The burghers of Breck were not in the habit of applauding their guests, but they applauded Anthony. The implications of his plans were stunning! Every one of them could think of several ways to profit by them. They were smart men, however, with questions for the young engineer before they would consider committing funds to his venture.

“Our marshlands are full of wild men and women, savage folk who skulk and hide and shoot at you with arrows.”

“They are idle and lazy, they lie around all day or go off fishing when you need them. They would never agree to sign on as laborers! How did you subdue your Marshlanders, and who did you hire for labor?”

“We were lucky there,” replied Anthony, “the Albino peoples native to the Delta have no tradition of warfare. Also, though they have strong backs and can be excellent laborers, they are as subject as little children to our diseases. So many of them had died of measles and chickenpox that they became entirely demoralized. We got their secrets out of them all right: it was they, actually, who invented the idea of cuts and dredging, so they understand the work.”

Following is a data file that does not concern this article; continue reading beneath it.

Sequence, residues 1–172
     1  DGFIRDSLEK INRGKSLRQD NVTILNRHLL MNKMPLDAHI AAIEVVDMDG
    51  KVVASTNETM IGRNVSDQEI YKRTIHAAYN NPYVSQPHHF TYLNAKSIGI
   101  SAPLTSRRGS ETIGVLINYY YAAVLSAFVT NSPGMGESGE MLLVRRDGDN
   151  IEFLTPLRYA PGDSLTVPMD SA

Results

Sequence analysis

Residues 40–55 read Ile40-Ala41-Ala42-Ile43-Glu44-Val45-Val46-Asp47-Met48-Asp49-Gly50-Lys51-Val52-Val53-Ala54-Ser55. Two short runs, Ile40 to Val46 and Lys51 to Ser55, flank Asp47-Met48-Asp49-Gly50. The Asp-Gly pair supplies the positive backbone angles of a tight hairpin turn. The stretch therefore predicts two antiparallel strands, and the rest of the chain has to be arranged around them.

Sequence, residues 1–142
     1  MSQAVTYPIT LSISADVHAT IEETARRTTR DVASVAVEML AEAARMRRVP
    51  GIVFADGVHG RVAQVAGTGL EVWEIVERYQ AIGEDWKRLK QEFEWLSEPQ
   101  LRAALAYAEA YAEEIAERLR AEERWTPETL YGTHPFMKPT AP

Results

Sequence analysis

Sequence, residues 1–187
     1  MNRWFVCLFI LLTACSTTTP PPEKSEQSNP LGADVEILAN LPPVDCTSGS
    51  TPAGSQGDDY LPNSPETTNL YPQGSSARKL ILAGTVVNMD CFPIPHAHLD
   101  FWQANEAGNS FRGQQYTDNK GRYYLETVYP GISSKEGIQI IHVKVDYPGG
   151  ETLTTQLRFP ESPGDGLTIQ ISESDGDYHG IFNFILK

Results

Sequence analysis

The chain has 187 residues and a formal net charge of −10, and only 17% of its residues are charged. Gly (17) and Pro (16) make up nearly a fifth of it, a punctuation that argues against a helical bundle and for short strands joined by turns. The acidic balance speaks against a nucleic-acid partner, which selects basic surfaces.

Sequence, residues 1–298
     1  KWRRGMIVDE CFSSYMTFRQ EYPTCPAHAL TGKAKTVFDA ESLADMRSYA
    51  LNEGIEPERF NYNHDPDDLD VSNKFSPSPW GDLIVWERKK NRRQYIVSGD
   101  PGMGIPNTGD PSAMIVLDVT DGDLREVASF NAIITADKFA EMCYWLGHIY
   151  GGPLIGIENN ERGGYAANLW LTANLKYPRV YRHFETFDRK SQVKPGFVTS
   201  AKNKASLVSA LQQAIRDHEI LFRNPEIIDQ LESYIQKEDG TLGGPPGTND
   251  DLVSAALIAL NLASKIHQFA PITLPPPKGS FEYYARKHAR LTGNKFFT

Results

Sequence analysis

“You will bring in slaves with you for our draining?” queried Robert.

“No, it will be too cold for them, and they have no resistance to northern agues. Even if your Marshlanders are not interested in improving their lot, your countryside is full of men left landless by enclosures, hungry enough to dig for you if you promise them fields and furrows.”

“If we asked people to agree to improvements upon our weaving business in Breck,” mused a burgher, “they would never go along with it. They would be restive and querulous because they would see that it is we, not they, who profit from such undertakings. The beauty of this scheme is that we can say it is for the public good, wastelands to be reclaimed for the benefit of any who provide honest labor, improvements in their lot for those who bend their backs to the task!”